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A National Epidemic: Watching Television And Eating Junk Food

Time spent in front of the telly leads to more snacking on the food that is in your reach, regardless of whether or not you see it on a commercial.

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When's the last time you saw an unappealing or unhappy commercial advertising food? The answer is probably never. According to recent studies, both children and adults are more prone to munch while watching television with advertisements that relate snacking and fun.

Jennifer L. Harris, John A. Bargh, and Kelly D. Brownell, researchers at Yale University, conducted a study called "Priming Effects of Television Food Advertising on Eating Behavior," published in Health Psychology (2009, vol.#28, no.4, 404-413), in order to examine the correlation of television advertisements for food and the obesity epidemic. They found that children ate 45% more when they saw commercials of food, and that adults ate more overall.

The correlation that the researchers found comes as no surprise when looking at what the television shows. Of the average 15 advertisements kids see on tv, a whopping 98 percent of them portray foods that are high in fats, trans fats, sugar, and sodium. Why? Because food that does not offer nutrition, offers taste; our brains have been primed to crave the unhealthy foods over the ones that offer us nutritional benefits. The way our minds are built causes us to unconsciously absorb messages that trigger feelings, actions, or both, as in this situation.

The children in the study were broken up into two categories, one watching a show with food ads and one without. Both groups were given a bowl of cheddar cheese goldfish crackers and water as a snack. To little surprise, the researchers found that the kids watching tv with food ads ate a great deal more of their snack while watching. With the extra snacking that went on during the program, children are at risk for gaining almost ten extra pounds a year for watching only 30 minutes of television per day.

Harris, Bargh, and Brownell went on to examine the impact on adults as well. While their conditions were different, the findings were parallel to those in the children. The adults watched a condensed episode of "Whose Line is it Anyway?" and then asked to taste and rate a variety of food based on nutritional value and flavor. As expected, participants ranked cookies and snack mix very unhealthy, vegetables very healthy, and the trail-mix and multi-grain chips in between. They also indicated that the best tasting foods were vegetables and cookies and the least tasty to be the multi-grain chips. They ate vegetables the most, then cookies, trail mix, snack mix, and lastly the multi-grain chips. Adults eat more while watching television, regardless of whether or not the food is healthy. It is all about what is around them and easy to get. Due to this, the findings are unable to pinpoint the exact features of the ads which increase automatic eating behaviors. There may be multiple aspects which viewers see that are working at the same time in order to achieve its goal: making viewers snack, even if they are not hungry.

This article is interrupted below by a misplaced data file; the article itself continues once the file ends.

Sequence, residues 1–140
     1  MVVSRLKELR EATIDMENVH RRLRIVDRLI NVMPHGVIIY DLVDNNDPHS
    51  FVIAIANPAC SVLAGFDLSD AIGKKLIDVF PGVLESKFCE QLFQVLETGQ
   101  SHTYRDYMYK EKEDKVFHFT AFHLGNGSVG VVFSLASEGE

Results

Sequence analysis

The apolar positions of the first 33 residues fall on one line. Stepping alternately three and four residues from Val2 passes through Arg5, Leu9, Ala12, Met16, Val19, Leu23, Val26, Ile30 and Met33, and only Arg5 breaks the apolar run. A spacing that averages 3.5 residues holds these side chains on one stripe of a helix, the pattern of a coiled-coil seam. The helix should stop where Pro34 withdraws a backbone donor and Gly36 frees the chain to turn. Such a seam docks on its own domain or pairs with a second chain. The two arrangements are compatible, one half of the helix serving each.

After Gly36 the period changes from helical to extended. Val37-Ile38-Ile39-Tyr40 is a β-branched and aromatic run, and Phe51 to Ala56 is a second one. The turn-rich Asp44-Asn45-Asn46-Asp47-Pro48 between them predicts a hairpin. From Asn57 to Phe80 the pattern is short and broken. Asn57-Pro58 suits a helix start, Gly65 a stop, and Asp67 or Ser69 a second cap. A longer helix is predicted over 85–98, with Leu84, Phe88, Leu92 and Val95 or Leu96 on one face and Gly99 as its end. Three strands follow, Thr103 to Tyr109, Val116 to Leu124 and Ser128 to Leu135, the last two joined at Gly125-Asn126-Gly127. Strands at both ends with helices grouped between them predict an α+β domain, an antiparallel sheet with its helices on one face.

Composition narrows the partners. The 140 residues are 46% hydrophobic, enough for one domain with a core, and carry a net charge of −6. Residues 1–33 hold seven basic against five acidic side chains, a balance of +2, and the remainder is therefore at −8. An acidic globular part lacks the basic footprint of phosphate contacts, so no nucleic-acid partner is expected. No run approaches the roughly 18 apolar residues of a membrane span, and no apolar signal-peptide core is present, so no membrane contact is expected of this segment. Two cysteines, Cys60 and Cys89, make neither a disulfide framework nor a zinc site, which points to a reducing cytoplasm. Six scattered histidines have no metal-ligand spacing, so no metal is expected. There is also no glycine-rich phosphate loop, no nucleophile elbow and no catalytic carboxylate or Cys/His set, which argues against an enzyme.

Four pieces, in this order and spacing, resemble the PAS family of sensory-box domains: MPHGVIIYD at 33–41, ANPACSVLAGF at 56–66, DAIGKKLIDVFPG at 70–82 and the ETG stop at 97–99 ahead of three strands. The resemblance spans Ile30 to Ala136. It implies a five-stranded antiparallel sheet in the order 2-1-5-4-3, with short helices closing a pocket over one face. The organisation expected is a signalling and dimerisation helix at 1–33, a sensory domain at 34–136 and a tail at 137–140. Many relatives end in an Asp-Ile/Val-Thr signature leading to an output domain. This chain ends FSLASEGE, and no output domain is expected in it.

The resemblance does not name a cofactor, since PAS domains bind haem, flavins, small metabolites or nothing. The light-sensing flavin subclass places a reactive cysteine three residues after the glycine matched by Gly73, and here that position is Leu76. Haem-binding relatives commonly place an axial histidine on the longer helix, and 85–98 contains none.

Think about the Super Bowl. How many of the commercials during the game time advertise food? And then, take into account the half-time commercials. People live for the half-time commercials. Doritos has its own entire competition for the best commercials that will be aired during the Super Bowl, and this event only happens once a year. What else comes to mind when thinking of this huge game? Americans wait all year long to throw their biggest party of the year, inviting their friends, family, friends of family, and more. With each guest comes a dish of food. For an average of four hours, people across the nation, and the world, are engaged in advertisements, with food all around them. This research found "...evidence of an automatic, direct causal link between food advertising and greater snack consumption," and despite what food industries say, "further contradict...that advertising affects only brand preferences and not overall nutrition (Young, 2003)."

Unhealthy food is more readily available nowadays than ever before. On nearly every corner there is a Starbucks or McDonald's -- or either. The aisles of the grocery stores are stocked full of chips, cookies, crackers, and sodas. The snack section of grocery stores take up substantially more space than that of the produce section. Not to mention, the pricing of the different types of the food vary in substantial amounts. Healthier food is harder to find, harder to prep, and more expensive. Goldfish and chips are a great deal easier to feed to pour on the table in front of your child than cutting up fruits and vegetables. We are all always going at four thousand miles per hour, but we have to eat. The dining room has, in many homes, moved into the living room, in front of the television. Eating and television go hand in hand, and we are seeing the consequences.

Harris, Bargh, and Brownell advise that parents and educators gain a better understanding of how priming works in order to protect themselves and children against the unconscious eating. It is important to be aware of the affects of the sneaky advertisement strategies of the companies who are trying to make you eat. So next time you are in front of the telly, if you have just eaten, think: am I hungry or is the media making me want to eat?

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